[cap-talk] What does the [defense?] security community really fear from capabilities? (was: Support of MLS policies (was Re: NLTSS))
Jonathan S. Shapiro
shap at eros-os.com
Fri Jul 13 07:45:54 EDT 2007
On Thu, 2007-07-12 at 11:18 -0700, Jed Donnelley wrote:
> Jonathan S. Shapiro wrote:
> > On Thu, 2007-07-12 at 16:20 +0200, Pierre THIERRY wrote:
> > > Scribit Jed Donnelley dies 11/07/2007 hora 16:52:
> > >
> > > > However, at the time vendors were working hard on supporting MLS
> > > > policies and it was widely believed that support for such facilities
> > > > would be available in those commercially available systems
> > > >
> > > If I understand correctly, to summarize, caps were disregarded because
> > > they had been considered unable to support MLS policies in favour of ACL
> > > systems, which at that time did not support MLS policies yet.
> > >
> > Not quite. Caps were disregarded because it was believed that they were
> > unable **in principle** to support MLS.
> The above is a considerable over simplification.
I agree. I was trying to respond in context to Pierre's specific
While I agree with much of Jed's diatribe on this topic - we seem to
have hit a widely shared tender nerve here -- I suggest that it isn't
productive to fight a 30 year old political battle. Most of the
opposition is dead or retired, and the only reason that people today
will know about that report is that Jed scanned it and put it online.:-)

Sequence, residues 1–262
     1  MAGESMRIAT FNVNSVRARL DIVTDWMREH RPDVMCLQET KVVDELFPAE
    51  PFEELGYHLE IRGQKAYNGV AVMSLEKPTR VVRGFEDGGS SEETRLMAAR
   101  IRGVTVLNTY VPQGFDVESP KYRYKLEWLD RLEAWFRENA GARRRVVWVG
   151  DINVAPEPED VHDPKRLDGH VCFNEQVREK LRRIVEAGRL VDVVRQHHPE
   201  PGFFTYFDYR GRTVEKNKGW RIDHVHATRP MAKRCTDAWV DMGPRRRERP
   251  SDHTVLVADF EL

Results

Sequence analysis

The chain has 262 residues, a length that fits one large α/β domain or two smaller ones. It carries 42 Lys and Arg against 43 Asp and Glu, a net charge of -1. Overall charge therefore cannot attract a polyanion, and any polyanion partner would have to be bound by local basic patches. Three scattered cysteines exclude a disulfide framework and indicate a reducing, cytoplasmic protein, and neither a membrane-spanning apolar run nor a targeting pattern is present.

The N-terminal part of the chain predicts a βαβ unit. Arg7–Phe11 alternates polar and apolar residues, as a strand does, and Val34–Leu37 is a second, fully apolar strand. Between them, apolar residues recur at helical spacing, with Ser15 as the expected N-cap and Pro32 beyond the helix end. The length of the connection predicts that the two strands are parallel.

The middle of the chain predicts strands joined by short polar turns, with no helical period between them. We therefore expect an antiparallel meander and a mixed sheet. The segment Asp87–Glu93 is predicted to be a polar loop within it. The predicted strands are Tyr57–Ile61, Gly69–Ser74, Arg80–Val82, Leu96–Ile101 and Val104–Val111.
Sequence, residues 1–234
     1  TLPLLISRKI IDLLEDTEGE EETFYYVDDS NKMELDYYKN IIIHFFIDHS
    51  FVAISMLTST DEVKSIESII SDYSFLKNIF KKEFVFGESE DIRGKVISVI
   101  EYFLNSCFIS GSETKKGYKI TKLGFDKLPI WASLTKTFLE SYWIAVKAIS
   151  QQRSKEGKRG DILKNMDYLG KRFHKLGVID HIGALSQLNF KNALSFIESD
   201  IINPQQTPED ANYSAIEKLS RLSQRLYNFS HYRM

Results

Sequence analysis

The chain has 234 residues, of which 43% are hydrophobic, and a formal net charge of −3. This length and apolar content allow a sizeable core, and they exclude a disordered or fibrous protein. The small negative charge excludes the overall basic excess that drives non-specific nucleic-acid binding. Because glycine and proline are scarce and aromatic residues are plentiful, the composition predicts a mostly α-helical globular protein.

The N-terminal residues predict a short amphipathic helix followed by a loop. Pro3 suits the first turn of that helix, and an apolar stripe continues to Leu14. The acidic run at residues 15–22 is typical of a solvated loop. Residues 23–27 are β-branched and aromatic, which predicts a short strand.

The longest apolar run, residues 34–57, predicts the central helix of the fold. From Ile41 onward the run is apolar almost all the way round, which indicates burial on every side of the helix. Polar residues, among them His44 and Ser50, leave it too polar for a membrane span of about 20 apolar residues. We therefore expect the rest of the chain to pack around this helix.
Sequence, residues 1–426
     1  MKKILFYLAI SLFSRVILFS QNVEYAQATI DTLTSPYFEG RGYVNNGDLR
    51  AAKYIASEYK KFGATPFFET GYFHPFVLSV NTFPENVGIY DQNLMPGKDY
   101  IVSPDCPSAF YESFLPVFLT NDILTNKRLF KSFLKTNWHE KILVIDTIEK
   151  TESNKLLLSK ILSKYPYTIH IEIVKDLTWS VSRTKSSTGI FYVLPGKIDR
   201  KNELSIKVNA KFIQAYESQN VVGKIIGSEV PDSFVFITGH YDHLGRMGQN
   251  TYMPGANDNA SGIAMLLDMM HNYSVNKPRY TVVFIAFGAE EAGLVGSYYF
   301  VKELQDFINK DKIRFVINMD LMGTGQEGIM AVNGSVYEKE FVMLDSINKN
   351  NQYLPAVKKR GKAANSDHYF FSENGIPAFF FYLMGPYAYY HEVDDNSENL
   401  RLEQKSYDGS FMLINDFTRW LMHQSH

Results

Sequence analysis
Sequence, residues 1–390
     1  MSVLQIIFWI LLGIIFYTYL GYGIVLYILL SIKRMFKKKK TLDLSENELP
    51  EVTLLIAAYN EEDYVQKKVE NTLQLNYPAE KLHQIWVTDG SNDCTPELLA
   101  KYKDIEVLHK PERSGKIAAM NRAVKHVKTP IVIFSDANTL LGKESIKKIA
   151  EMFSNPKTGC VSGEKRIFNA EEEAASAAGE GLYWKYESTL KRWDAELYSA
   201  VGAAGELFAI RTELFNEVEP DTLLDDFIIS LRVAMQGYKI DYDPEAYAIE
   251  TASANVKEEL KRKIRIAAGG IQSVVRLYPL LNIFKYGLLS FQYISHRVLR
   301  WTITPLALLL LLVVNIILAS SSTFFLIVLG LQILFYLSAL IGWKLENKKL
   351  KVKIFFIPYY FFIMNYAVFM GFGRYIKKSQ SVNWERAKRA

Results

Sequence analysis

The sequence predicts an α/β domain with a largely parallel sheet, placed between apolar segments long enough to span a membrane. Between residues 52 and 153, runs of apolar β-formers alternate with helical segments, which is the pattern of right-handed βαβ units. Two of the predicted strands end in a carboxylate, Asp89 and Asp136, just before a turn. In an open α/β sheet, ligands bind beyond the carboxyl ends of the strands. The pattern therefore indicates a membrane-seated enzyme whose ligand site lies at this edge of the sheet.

To the extent that there are factual issues (statements that are wrong)
or bad science (FUD) in that document, it is worth organizing a rebuttal
document. At this point, I think that cause and motives are largely a
I did once have occasion to talk to Virgil Gligor about some of this
stuff (though not about the report specifically). Part of what we all
need to remember is that these authors were charged with a very serious
and very real problem. They had to come up with a recommendation in an
environment where capability ideas were not widely circulated. In 1974,
when this report was funded, KeyKOS was only just getting first funding.
Outside of Cambridge, UK, which was never a group that published much,
the ideas we now take for granted in cap systems were not known to the
community at large (and still aren't).
It would have been much better for that report to have said "We see the
following issues, we are not aware that solutions exist for them." But
try to remember that the authors were very young in their careers. The
ability to admit lack of knowledge is a hard thing for anyone, harder
for early-stage scientists, and the stakes involved were really high.
Jonathan S. Shapiro, Ph.D.
The EROS Group, LLC
More information about the cap-talk